At best he was a loafer and a nuisance; at worst he was the Terror of Quicksand. His ostensible occupation was something subordinate in the real estate line; he drove the beguiled Easterner in buck- boards out to look over lots and ranch prop- erty. Originally he came from one of the Gulf States, his lank six feet, slurring rhythm of speech, and sectional idioms giving evidence of his birthplace. And yet, after taking on Western adjust- ments, this languid pine-box whittler, cracker- barrel hugger, shady corner lounger of the cotton fields and sumac hills of the South became famed as a bad man among men who had made a life-long study of the art of trucu- lence.
At nine the next morning Calliope was fit. Inspired by his own barbarous melodies and the contents of his jug, he was ready primed to gather fresh laurels from the diffident brow of Quicksand. Encircled and criss- crossed with cartridge belts, abundantly gar- nished with revolvers, and copiously drunk, he poured forth into Quicksand's main street.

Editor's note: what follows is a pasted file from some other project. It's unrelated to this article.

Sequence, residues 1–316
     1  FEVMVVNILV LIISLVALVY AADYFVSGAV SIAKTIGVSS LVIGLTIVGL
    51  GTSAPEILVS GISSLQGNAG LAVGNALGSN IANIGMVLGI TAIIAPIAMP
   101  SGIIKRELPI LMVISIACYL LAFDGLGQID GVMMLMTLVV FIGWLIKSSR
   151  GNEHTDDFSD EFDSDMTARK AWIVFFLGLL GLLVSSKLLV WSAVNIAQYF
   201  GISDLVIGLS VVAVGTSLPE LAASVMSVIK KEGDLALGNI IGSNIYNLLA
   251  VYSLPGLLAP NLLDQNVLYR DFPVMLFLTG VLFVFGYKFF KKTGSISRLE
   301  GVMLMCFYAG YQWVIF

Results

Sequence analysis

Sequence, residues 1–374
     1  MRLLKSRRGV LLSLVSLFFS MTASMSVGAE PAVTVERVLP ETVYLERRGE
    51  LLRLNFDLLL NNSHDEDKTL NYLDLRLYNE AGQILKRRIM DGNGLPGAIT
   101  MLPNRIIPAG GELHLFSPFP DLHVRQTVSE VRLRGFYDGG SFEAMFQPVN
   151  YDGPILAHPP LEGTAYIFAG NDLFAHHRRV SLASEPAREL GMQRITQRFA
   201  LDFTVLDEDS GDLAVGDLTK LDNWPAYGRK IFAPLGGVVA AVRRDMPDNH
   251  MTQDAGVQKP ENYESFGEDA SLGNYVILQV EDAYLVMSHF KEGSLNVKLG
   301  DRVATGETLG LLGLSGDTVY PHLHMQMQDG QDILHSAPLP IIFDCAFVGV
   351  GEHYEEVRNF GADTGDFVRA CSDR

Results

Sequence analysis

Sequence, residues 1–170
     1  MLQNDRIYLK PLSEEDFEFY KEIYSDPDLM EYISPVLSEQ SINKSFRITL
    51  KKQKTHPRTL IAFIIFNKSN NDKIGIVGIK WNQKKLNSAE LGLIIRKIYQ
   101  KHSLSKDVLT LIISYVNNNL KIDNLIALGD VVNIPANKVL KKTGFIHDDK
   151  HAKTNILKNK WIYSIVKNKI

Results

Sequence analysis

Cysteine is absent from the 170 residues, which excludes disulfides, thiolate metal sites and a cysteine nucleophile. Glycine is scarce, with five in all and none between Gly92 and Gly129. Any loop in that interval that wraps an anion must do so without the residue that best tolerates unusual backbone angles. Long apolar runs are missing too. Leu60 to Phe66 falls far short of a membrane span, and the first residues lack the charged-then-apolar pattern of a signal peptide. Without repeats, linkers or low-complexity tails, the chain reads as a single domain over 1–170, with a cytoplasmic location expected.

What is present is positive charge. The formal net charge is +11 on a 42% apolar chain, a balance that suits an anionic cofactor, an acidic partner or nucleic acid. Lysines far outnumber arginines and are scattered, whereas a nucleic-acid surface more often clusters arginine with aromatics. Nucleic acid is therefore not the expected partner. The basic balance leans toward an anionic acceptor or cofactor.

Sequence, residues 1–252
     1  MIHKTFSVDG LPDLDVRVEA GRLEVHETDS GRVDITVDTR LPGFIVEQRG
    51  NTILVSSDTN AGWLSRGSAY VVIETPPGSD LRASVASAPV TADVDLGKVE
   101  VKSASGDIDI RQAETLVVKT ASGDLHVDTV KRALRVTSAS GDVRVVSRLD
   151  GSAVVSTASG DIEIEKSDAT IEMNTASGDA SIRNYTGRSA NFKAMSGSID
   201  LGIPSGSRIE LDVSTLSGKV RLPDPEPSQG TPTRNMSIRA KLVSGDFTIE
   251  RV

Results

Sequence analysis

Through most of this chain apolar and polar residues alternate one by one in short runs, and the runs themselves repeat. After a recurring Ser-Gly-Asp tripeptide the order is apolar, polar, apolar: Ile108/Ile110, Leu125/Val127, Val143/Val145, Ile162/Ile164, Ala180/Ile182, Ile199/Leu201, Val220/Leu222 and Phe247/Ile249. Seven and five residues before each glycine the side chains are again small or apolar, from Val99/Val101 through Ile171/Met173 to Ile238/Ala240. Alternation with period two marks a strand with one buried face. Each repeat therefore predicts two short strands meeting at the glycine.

Too chivalrous to surprise and capture a The Reformation of Calliope 5 1 town by silent sortie, he paused at the nearest corner and emitted his slogan that fearful, brassy yell, so reminiscent of the steam piano, that had gained for him the classic appellation that had superseded his own baptismal name. Following close upon his vociferation came three shots from his forty-five by way of lim- bering up the guns and testing his aim.
A yellow dog, the personal property of Colonel Swazey, the proprietor of the Occidental, fell feet upward in the dust with one farewell yelp. A Mexican who was crossing the street from the Blue Front grocery, carrying in his hand a bottle of kerosene, was stimulated to a sudden and admirable burst of speed, still grasping the neck of the shattered bottle.
The new gilt weathercock on Judge Riley J s lemon and ultramarine two-story residence shivered, flap- ped, and hung by a splinter, the sport of the wanton breezes. The artillery was in trim. Calliope's hand was steady. The high, calm ecstasy of ha- bitual battle was upon him, though slightly embittered by the sadness of Alexander in that his conquests were limited to the small world of Quicksand. Down the street went Calliope, shooting 52 The Reformation of Calliope right and left.